Copper 3 has no more builtin character type. It is completely implemented in the library. The standard library define a CodeUnit type for UTF-8 or UTF-16 strings depending on the platform and a Unicode 32 bit Char type.
To show how it is implemented, let's start with a simple example by defining an ASCII Char type.
The compiler uses the Smalltalk style for literal characters, e.g. $A for the 'A' character. From the compiler point of view, there is absolutely no difference between '$A' and '65'; both are the same literal integer. So $A can be a 32 bit signed integer as well as an unsigned 8 bit integer depending on the context.
Creating the Type
Just create a sub-type of Unsigned8.
stype Char : Unsigned8 .... end
Now we have a character type that is an Unsigned8: it inherits all operations from its parent type.
Defining Special Characters
There is no syntax for special characters, if you want a tab character, just use '9' or define a symbol for that.
stype Char : Unsigned8 'nul = 0 'tab = 9 'lf = 10 'cr = 13 end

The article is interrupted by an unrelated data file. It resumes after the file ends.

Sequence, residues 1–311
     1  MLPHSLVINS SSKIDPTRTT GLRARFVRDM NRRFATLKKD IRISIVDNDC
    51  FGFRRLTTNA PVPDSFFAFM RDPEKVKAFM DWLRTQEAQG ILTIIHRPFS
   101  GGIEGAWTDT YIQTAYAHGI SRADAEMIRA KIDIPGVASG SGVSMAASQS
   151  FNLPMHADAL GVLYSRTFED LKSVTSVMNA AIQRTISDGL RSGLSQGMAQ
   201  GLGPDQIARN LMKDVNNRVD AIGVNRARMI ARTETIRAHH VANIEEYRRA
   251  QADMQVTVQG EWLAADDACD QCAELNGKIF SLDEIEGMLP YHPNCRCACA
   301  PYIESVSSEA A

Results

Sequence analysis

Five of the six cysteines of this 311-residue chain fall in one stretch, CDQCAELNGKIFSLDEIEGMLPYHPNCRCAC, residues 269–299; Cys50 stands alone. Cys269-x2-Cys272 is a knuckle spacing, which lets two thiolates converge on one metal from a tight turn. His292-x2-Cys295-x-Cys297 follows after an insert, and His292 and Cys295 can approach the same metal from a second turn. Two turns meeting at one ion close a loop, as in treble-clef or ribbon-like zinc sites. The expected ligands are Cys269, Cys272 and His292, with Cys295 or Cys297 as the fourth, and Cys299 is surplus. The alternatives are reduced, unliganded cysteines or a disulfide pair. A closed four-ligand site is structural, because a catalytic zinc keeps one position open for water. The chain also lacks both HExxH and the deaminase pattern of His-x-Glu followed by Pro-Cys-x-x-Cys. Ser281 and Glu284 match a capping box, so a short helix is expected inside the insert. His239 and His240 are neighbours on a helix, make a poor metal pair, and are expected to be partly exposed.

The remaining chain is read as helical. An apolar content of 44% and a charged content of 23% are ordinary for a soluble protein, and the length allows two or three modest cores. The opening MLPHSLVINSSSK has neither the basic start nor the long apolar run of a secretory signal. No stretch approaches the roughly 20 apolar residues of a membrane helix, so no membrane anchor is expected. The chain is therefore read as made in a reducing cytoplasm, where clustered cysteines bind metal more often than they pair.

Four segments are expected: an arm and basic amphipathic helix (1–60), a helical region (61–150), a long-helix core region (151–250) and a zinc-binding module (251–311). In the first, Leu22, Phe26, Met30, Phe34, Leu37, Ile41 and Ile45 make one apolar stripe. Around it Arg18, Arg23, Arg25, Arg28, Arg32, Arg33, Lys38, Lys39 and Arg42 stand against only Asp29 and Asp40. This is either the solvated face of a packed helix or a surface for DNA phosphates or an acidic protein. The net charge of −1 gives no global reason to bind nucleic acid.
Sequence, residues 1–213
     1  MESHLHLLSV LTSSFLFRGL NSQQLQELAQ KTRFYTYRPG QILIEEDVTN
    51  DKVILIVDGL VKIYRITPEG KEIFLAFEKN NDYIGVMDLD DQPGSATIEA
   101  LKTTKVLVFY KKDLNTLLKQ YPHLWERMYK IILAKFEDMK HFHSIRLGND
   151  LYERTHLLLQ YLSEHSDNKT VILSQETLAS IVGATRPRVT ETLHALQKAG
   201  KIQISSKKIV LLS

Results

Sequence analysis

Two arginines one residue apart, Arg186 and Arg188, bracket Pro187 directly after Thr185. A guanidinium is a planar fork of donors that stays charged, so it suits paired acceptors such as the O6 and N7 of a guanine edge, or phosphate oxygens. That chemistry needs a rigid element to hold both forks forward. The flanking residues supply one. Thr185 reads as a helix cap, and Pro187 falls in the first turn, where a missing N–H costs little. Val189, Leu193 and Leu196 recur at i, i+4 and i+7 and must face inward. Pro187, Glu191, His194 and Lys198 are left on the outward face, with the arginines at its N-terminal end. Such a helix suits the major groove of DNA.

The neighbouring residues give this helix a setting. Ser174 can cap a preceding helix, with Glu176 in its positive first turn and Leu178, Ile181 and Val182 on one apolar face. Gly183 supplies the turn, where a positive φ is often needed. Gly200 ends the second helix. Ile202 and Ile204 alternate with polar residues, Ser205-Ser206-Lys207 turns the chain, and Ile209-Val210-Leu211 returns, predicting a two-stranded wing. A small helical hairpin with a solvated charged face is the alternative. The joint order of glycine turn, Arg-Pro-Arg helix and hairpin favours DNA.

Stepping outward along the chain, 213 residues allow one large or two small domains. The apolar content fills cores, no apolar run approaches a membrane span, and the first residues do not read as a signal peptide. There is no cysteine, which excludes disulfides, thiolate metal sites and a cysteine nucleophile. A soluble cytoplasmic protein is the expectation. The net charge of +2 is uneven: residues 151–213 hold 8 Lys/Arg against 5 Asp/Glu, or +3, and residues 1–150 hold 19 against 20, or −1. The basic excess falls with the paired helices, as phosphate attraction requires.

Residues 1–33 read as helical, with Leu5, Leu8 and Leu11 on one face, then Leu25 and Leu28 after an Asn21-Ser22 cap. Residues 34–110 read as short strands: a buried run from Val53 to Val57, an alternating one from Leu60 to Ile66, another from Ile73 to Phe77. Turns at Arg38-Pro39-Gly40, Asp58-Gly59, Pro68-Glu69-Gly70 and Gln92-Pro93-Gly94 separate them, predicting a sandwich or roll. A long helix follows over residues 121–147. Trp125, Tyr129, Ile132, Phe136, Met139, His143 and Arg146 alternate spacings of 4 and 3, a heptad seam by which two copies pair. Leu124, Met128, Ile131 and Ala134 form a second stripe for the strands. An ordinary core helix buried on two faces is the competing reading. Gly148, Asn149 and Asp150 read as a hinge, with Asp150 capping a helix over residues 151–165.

Defining Additional Methods
In addition to inherited operations (addition, increment, ...), you may want to add useful methods to the new type.
stype Char : Unsigned8 'nul = 0 'tab = 9 'lf = 10 'cr = 13 method isNul return self == 'nul end method isUpper return self >= $A and self <= $Z end method toUpper return self isLower cond self + $A - $a else self end end
Now we have a fully operational character type we can use.
var i : Int32 i = $B // valid integer value 66 var c : Char c = 'tab c = $y c = c + 1 if c isNul return else c = c toUpper end
To implement a Unicode character type, just repeat the same but make the Char type a sub-type of Unsigned32.
stype Char : Unsigned32 'nul = 0 ... end
As strings won't be implemented as an array of Unicode characters but more likely encoded in UTF-8 or UTF-16, the String type is implemented as an array of code units.
stype CodeUnit : Unsigned8 ... end // A String is a pointer to an array of code units stype String : *CodeUnit ... method eachChar // Reassemble all code units into characters // before passing them to a block. end ... end
The user may not have to worry about the encoding: it can iterate through the characters using eachChar:
var str = ... // a string str eachChar do c // c is a 32 bit Unicode character end